Revered by Roland Barthes as "the first magical matter that consents to be prosaic", plastic has changed our material world to the point at which even the most likely unlikely objects - from fuel tanks in cars to surgical stitching threads in medi-cine - have been remoulded in its image.
Ever since the Belgian chemist Leo Hendrik Baekeland invented the world's first plastic material in 1907 - a phenolic resin called Bakelite - designers have taken synthetic substances with scientific names (try acrylonitriole butadiene styrene, better known as ABS, for size) into every home and workplace, every bar and restaurant in the world.
Plastics designers have imitated "real" materials such as marble, wood, jade and silk, and fashioned wonderfully sculptural lights and chairs. They have used the lightness and durability of plastics to interpret the products of our age, from cameras and calculators to the Space Shuttle's cladding, and have adopted their insulating and conductive properties to build the information superhighway of tomorrow.
The story of plastics in 20th-century design is currently being told in one of the largest and most comprehensive exhibitions on the subject ever seen in Europe. And fittingly, given Baekeland's godfather status in the development of plastics this century, it is taking place in Belgium. Until the end of November "Passion Plastiques", organised by the Association of Plastics Manufacturers in Europe, is at Le Grand Hornu in Mons, less than an hour's drive south of Brussels.
On a neo-classical industrial complex built by the mine-owner Henri De Gorge in the early 19th century and refurbished in the 1970s, an elegant span of exhibition rooms has been filled with the chemistry, physics and creativity of plastics. Here you can operate plastic moulding machines, study the molecular composition of various polymers, send the kids off to play in a room full of Lego - in tribute to the world's most famous plastic brick - and generally get to know your PET from your PVC.
The centrepiece of Passion Plastiques is a display which originated in Paris two years ago - a giant synthetic inflated tent filled with every object imaginable. Here you get a sense of the marriage of technical invention and artistic expression that really marks the mould-breakers. From Issey Miyake's pleated clothing to Luigi Colani's organic motorbikes, plastic seems to have sent the design imagination to a new plane. One is left wondering what Charles Rennie Mackintosh or Christopher Dresser might have achieved, had Bakelite been refined from coal tar 20 years earlier.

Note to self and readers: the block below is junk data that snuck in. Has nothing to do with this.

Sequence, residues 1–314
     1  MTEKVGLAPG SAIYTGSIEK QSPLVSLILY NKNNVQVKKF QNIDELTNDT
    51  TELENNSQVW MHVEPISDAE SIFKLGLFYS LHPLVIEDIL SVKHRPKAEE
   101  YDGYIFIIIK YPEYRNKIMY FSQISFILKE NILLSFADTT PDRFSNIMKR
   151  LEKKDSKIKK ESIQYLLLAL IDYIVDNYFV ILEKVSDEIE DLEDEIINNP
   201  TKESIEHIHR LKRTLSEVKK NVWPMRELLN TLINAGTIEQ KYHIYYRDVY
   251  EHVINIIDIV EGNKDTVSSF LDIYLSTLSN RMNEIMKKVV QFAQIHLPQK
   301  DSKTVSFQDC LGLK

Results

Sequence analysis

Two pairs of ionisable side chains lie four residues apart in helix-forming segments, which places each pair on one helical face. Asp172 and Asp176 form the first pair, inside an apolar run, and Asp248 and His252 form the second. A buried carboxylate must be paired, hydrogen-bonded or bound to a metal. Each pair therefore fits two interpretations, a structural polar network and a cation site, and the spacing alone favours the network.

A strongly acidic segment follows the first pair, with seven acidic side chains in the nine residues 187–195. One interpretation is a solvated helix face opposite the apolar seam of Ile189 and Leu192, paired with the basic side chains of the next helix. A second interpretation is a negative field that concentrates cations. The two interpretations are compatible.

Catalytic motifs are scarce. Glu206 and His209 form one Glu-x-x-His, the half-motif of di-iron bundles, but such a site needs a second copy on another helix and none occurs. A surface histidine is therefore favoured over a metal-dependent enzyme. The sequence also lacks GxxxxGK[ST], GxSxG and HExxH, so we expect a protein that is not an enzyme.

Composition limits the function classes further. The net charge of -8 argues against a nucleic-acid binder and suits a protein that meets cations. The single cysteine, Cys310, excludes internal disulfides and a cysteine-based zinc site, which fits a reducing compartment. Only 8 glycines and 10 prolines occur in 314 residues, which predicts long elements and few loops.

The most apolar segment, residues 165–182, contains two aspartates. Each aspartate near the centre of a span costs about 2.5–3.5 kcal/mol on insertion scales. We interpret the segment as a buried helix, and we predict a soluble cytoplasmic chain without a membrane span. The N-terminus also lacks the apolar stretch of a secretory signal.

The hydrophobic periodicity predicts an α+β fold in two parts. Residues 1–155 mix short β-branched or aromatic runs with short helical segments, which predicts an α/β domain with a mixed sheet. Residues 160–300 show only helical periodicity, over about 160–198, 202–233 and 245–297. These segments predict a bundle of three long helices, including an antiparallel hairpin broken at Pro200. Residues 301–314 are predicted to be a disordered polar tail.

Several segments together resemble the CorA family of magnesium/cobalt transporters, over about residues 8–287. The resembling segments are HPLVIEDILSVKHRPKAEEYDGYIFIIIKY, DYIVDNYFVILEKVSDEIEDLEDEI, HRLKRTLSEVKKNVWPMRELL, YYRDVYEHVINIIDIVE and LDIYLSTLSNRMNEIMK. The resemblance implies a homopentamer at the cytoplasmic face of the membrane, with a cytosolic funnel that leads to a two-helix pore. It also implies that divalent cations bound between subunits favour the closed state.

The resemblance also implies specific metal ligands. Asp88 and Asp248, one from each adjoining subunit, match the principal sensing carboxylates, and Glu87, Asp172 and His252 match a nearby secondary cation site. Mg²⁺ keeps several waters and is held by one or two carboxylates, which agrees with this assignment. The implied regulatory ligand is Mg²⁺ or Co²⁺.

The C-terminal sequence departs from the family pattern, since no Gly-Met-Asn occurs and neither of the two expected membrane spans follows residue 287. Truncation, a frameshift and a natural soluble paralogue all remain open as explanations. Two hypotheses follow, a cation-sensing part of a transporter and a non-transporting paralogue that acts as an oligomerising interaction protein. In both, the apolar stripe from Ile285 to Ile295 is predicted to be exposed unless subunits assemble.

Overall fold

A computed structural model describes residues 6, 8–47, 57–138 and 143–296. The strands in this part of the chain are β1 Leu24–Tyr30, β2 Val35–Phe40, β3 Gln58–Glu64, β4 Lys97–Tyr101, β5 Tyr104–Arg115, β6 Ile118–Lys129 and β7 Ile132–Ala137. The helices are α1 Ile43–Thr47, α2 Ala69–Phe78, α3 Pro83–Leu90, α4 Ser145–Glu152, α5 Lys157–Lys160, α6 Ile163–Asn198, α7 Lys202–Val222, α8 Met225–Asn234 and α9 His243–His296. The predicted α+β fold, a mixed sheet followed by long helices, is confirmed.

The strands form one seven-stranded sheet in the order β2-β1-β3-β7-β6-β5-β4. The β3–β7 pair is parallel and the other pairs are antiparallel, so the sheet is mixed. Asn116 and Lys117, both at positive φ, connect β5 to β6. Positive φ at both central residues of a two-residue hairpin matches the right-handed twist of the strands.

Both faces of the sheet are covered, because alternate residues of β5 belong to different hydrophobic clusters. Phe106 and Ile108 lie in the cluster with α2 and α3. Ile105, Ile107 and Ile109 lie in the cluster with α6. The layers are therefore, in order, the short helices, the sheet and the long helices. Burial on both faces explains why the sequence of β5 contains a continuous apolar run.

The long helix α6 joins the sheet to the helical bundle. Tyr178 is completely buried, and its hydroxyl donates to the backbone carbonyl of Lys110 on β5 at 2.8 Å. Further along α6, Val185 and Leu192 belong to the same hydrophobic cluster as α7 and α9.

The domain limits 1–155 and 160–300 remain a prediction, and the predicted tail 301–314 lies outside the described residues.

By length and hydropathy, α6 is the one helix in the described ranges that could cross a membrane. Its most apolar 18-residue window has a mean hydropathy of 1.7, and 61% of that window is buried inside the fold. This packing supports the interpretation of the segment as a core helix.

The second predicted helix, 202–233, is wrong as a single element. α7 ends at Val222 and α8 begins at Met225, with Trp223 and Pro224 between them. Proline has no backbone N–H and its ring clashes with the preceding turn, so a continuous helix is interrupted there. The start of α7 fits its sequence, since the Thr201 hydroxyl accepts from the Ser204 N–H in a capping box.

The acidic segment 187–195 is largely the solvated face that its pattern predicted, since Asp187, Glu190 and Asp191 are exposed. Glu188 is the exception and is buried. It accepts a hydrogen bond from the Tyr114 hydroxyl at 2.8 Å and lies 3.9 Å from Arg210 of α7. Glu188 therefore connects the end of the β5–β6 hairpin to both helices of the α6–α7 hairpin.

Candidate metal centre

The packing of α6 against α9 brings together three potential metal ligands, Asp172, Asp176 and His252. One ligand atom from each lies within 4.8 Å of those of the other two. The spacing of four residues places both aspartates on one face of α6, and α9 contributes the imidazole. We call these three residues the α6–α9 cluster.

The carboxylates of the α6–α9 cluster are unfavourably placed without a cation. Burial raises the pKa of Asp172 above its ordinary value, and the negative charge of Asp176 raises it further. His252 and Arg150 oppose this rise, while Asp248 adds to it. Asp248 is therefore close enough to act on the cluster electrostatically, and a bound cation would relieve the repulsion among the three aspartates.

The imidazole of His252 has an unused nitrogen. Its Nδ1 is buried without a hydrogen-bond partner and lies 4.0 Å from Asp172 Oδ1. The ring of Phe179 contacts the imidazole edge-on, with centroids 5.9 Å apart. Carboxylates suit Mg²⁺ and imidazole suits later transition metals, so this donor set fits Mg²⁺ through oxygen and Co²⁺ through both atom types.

Aside from the success stories that have achieved genuine innovations with plastics (such as foot-baller Craig Johnson's Predator boot for Adidas, or engineer James Dyson's cyclonic vacuum cleaner), there is a whole mundane world of disposable synthetics - absorbent nappies, throwaway packaging, cheap toys and jewellery. But the plastics industry is so aware of its poor environmental image - a legacy from the fall-out of the 1973 oil crisis - that a corner of Passion Plastiques has been devoted entirely to eco-propoganda purposes: a recycled plastics section shows many products, from Fila branded clothing to Volvo car bumpers, that are second-generation synthetics.
For all the science and ecology of plastics, the most striking pavilion of Passion Plastiques is the one unashamedly devoted to form and colour. Philippe Decelle's Plasticarium collection presents the design classics of 1960-73, on a series of pure white sets designed by Winston Priet and Sylvain Dubuisson. Aside from some laughable kitsch (cacti and Roman columns), the display recalls an era when European designers such as Joe Columbo, Verner Panton and and Vico Magistretti created singular sculptural objects - mainly chairs and lights - in ravishing red and yellow synthetics.
These pieces have a simplicity and authority which has turned them into the modern antiques of the consumer age. At Sotheby's last autumn, for example, an orange Columbo mini-kitchen went for more than pounds 3,000. Panton, who died in September, will be remembered as much for his eminently collectable injection-moulded Herman Miller chair of 1967 as for anything else.
A new generation of designers has taken up the baton in plastics, most notable among them Philippe Starck and Ron Arad, who have teamed up with Kartell, the great Italian manufacturer of the Sixties, the golden era of plastics, to produce exciting new work. The Italian architect Gaetano Pesce, meanwhile, has pursued his own idiosyncratic route with compelling experiments in sculptural and painterly composition.
In their slipstream, young designers, especially in London, have discovered just how versatile and creative plastics can be. The Inflate team, which has developed ways of designing in PVC which suggest the pattern-cutting techniques of dress-making, not only features in Passion Plastiques but also gets its own show at the Victoria & Albert Museum this autumn. The Inflate display in the Twentieth-Century Gallery, to be called Swell, will reflect the fun, functional and affordable side of plastics with a range of eggcups, ashtrays, fruit bowls and lamp shapes.
Even if our museums and auction houses now regularly parade plastics as classics, it is a material which still refers unashamedly to the future. It frees designers, especially in Britain, from their unhealthy fixation on the past; and in that sense, at least, it frees us all.
Passion Plastiques runs until 30 November 1998 at Le Grand Hornu, Rue Sainte-Louise 82, B-7301 Hornu, Belgium. For information, call 00 32 65 770712. Swell runs from 16 October 1998 to 11 April 1999 at the Twentieth-Century Gallery, Victoria & Albert Museum, London. For information, call 0171 938 8349Reuse content